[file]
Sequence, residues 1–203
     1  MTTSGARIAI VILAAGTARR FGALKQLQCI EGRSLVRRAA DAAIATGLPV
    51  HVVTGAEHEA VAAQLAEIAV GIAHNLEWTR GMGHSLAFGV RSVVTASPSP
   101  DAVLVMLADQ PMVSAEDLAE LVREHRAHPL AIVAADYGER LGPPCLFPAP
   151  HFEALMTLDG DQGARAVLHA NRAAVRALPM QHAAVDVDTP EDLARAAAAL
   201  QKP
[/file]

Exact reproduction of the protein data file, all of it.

Sequence, residues 1–203
     1  MTTSGARIAI VILAAGTARR FGALKQLQCI EGRSLVRRAA DAAIATGLPV
    51  HVVTGAEHEA VAAQLAEIAV GIAHNLEWTR GMGHSLAFGV RSVVTASPSP
   101  DAVLVMLADQ PMVSAEDLAE LVREHRAHPL AIVAADYGER LGPPCLFPAP
   151  HFEALMTLDG DQGARAVLHA NRAAVRALPM QHAAVDVDTP EDLARAAAAL
   201  QKP